dry lay engineered wood first, ok?


  #1  
Old 01-01-08, 09:18 AM
R
Member
Thread Starter
Join Date: Jan 2006
Posts: 14
Upvotes: 0
Received 0 Upvotes on 0 Posts
dry lay engineered wood first, ok?

Not installing until the spring but trying to find all my answers before I start. Since I'll be gluing down this floor and I haven't seen reference to it for engineered wood, would it make sense to dry lay sections at a time, just to get all my cuts right and prevent mistakes before laying floor on the glue?
 
  #2  
Old 01-01-08, 12:36 PM
S
Group Moderator
Join Date: Oct 2004
Location: WI/MN
Posts: 19,184
Received 1,280 Upvotes on 1,218 Posts
I've never put down a wood floor, but I like to do a dry layout when I put down tile and the concept seems the same.
 
  #3  
Old 01-02-08, 07:56 AM
Join Date: Nov 2000
Location: Austin, TX
Posts: 4,857
Upvotes: 0
Received 0 Upvotes on 0 Posts
Originally Posted by retgi
Not installing until the spring but trying to find all my answers before I start. Since I'll be gluing down this floor and I haven't seen reference to it for engineered wood, would it make sense to dry lay sections at a time, just to get all my cuts right and prevent mistakes before laying floor on the glue?
That is exactly what I do, when I start an installation, or when I know my next controlled glue spread, will be a complicated area.

Keep measuring out about 2- 3 feet and pop a line, to control your glue spread.

When I start I work from a popped line, back to the wall, out 2 or 3 feet. Walls are not always straight, so I never start at the wall and work out. I dry lay off that line to the wall and tape that random stepped, triangle shaped, "panel" together. I set it off to the side, and spread glue. Then I lift the panel carefully so it doesn't come apart, and set it in the glue, on my line. It goes fairly fast from there. Blue tape often to keep everything tight, and keep a rag with mineral spirits handy, to wipe glue, unless your using an acrylic adhesive, then a wet rag will do.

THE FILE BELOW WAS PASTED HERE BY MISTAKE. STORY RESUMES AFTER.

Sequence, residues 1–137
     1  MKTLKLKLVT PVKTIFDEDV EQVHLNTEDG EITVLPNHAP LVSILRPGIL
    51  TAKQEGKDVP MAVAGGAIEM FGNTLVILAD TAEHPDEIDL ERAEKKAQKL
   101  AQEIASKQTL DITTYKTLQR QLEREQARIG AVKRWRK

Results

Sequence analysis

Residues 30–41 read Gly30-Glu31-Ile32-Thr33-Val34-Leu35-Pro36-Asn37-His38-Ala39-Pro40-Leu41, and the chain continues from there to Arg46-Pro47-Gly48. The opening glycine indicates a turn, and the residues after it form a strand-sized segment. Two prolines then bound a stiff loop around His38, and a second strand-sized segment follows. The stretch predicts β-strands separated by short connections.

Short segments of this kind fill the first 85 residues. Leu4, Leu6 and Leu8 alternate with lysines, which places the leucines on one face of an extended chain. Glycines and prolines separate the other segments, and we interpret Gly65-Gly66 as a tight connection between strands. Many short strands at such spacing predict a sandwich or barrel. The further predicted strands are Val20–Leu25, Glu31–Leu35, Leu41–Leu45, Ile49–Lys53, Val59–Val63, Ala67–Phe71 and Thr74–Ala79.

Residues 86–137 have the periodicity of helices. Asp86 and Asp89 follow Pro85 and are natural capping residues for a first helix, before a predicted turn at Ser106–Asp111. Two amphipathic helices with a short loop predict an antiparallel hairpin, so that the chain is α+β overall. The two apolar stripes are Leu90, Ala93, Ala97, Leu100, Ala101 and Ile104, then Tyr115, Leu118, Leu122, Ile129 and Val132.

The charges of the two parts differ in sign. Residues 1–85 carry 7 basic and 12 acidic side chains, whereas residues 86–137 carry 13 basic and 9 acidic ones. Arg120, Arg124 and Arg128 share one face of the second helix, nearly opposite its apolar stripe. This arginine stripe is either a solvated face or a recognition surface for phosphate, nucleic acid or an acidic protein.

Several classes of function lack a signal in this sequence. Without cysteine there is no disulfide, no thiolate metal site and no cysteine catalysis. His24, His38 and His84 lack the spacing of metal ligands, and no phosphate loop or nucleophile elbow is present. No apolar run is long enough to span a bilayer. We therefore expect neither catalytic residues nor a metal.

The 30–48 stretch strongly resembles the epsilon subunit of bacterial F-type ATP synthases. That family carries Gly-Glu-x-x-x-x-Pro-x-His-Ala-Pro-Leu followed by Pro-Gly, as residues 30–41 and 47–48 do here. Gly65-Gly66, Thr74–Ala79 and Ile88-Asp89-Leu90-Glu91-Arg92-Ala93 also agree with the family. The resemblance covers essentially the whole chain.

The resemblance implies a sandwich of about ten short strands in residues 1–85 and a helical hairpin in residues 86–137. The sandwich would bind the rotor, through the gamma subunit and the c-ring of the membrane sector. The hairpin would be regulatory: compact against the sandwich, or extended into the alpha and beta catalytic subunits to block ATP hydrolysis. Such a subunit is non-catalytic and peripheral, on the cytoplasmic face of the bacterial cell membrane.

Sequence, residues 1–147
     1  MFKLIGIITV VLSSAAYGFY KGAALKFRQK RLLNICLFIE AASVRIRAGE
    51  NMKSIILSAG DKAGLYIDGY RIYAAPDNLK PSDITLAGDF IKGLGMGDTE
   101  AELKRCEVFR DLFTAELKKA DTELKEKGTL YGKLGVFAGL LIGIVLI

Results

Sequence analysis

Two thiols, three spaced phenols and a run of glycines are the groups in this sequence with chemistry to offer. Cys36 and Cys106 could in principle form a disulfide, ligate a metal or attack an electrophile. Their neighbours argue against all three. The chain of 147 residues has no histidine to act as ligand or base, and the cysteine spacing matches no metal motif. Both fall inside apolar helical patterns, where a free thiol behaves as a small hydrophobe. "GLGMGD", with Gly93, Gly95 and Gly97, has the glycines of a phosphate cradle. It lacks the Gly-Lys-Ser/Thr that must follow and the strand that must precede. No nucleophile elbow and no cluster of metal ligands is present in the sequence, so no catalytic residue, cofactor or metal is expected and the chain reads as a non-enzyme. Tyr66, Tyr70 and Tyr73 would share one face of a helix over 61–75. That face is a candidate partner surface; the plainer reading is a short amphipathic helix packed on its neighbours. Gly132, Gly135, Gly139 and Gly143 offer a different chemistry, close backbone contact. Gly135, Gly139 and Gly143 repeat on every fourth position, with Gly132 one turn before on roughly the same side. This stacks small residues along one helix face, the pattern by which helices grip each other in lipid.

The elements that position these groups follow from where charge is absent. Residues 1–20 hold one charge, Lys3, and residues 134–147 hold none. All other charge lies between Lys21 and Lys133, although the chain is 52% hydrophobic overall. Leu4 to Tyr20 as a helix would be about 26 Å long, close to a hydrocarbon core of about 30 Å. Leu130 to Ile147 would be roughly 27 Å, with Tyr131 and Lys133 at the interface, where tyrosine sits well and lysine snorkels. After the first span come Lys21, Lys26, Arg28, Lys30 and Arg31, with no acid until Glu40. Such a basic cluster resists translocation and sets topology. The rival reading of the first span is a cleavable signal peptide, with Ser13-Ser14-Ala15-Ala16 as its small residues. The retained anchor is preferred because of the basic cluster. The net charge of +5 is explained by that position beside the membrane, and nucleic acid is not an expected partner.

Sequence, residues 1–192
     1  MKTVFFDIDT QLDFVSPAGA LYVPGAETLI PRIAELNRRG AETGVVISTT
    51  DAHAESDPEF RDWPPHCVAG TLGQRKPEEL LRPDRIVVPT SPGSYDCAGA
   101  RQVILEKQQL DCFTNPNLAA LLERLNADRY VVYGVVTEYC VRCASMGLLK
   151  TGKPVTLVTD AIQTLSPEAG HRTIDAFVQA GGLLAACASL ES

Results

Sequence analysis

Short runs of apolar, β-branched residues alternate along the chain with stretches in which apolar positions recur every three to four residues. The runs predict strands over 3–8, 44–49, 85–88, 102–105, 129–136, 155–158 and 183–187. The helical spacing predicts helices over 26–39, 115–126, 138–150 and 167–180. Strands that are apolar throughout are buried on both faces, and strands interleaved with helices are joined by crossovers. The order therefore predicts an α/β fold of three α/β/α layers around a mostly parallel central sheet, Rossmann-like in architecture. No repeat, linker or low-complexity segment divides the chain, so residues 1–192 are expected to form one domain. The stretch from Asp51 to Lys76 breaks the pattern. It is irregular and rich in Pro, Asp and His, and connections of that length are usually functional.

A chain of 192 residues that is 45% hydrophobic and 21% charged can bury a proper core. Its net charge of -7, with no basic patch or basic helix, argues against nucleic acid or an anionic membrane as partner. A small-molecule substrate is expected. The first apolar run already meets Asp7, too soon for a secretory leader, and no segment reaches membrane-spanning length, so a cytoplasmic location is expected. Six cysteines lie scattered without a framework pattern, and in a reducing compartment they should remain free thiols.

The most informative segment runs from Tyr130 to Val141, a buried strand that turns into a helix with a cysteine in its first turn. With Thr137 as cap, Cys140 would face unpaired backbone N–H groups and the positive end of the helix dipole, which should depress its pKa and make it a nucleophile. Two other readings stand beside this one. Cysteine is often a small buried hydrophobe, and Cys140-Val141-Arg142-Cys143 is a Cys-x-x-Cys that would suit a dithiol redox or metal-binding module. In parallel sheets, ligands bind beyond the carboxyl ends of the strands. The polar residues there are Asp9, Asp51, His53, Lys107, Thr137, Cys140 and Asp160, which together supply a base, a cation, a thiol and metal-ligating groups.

Out in a square room, it is a waste of time to dry lay. One tip. coming to doorjambs, don't try to use a full board across the undercut jambs. You'll never get it in. Use two boards and place the shorter side in first, so you can get the longer side in, without a bind. You will scoop glue sliding them in, so have a scrap or popcicle stick and your clean up rag handy.
 
  #4  
Old 01-02-08, 08:41 AM
R
Member
Thread Starter
Join Date: Jan 2006
Posts: 14
Upvotes: 0
Received 0 Upvotes on 0 Posts
triangle shape?

Floorguy,
You said "tape that random stepped, triangle shaped, "panel" together." Since I haven't done any floors yet, I'm not getting this part about the "triangle shape"? If you're dry laying from your line to the wall wouldn't the shape be rectangular? thanks for your help....
 
  #5  
Old 01-02-08, 08:51 PM
Join Date: Nov 2000
Location: Austin, TX
Posts: 4,857
Upvotes: 0
Received 0 Upvotes on 0 Posts
What? Your going to line all the ends up in a pattern, not random?? I wouldn' suggest that.

You start with different length boards off either the left or right wall. That is straight, your length along your line is strait, and your ends are staggered random, so as you work 2 or 3 feet toward the wall you popped your line off of, you get a stair step. So it is a triangle, Or you could build a pyrimid out in the center and work both left and right. Your ends need to be stair stepped no less then 6" from each other(more random the better for a random look.

I'm I typing a decent picture??
 
  #6  
Old 01-03-08, 06:32 AM
R
Member
Thread Starter
Join Date: Jan 2006
Posts: 14
Upvotes: 0
Received 0 Upvotes on 0 Posts
dry lay

Thanks, I was thinking if I dry lay a section, of say 2 feet by 12 for example, how was it going to be a triangle? Of course I wouldn't be able to pick up and move the whole section.
 
 

Thread Tools
Search this Thread
 
Ask a Question
Question Title:
Description:
Your question will be posted in: